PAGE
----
A new study published in Clinical & Experimental Allergy assessed the safety and efficacy of oral immunotherapy using sequential doses of boiled peanuts followed by roasted peanuts to treat peanut allergy in children.

Researchers conducted an open-label, phase II, single-arm clinical trial in children between the ages of 6 and 18 years with a history of peanut allergy. A total of 70 participants received oral immunotherapy with 12-hour boiled peanut for 12 weeks, 2-hour boiled peanut for 20 weeks and roasted peanut for 20 weeks, followed by a target maintenance dose of 12 roasted peanuts per day for 6 to 8 weeks. The children then underwent a supervised oral food challenge involving the administration of approximately 3,000 mg of peanut protein.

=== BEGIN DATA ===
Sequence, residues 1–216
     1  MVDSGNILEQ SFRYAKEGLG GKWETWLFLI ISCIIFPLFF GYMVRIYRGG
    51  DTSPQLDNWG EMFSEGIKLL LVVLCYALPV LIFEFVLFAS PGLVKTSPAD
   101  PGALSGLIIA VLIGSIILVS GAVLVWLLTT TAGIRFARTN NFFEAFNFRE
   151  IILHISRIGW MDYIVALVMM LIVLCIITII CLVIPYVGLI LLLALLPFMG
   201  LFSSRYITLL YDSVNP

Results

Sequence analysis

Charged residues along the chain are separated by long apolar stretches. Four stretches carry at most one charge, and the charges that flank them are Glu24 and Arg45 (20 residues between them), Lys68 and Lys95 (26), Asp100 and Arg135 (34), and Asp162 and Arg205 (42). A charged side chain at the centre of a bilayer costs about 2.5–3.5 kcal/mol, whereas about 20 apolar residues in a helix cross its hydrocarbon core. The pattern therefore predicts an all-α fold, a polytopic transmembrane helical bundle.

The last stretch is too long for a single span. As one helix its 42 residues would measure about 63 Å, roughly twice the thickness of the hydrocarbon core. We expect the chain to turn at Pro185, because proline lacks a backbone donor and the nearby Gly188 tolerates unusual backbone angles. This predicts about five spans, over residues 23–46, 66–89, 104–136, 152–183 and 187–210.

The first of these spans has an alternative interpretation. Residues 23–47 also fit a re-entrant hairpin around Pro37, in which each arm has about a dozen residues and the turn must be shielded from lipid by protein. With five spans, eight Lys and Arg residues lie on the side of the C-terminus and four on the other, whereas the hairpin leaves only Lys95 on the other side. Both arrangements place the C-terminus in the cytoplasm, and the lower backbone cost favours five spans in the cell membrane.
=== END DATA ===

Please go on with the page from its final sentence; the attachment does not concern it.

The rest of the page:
Desensitization was successfully induced in 80% of the participants. Adverse events related to the treatment were uncommon (6.6 per 1,000 doses) and mostly mild. Withdrawal from the study due to adverse events was infrequent, occurring in only 3 participants. Similarly, only 3 participants reported using rescue epinephrine due to treatment-related adverse events. These findings suggest that this form of oral immunotherapy could be an effective method of inducing desensitization with a favorable safety profile.

Grzeskowiak, L. E., Tao, B., Aliakbari, K., Chegeni, N., Morris, S., & Chataway, T. (2023). Oral immunotherapy using boiled peanuts for treating peanut allergy: An open‐label, single‐arm trial. Clinical & Experimental Allergy.

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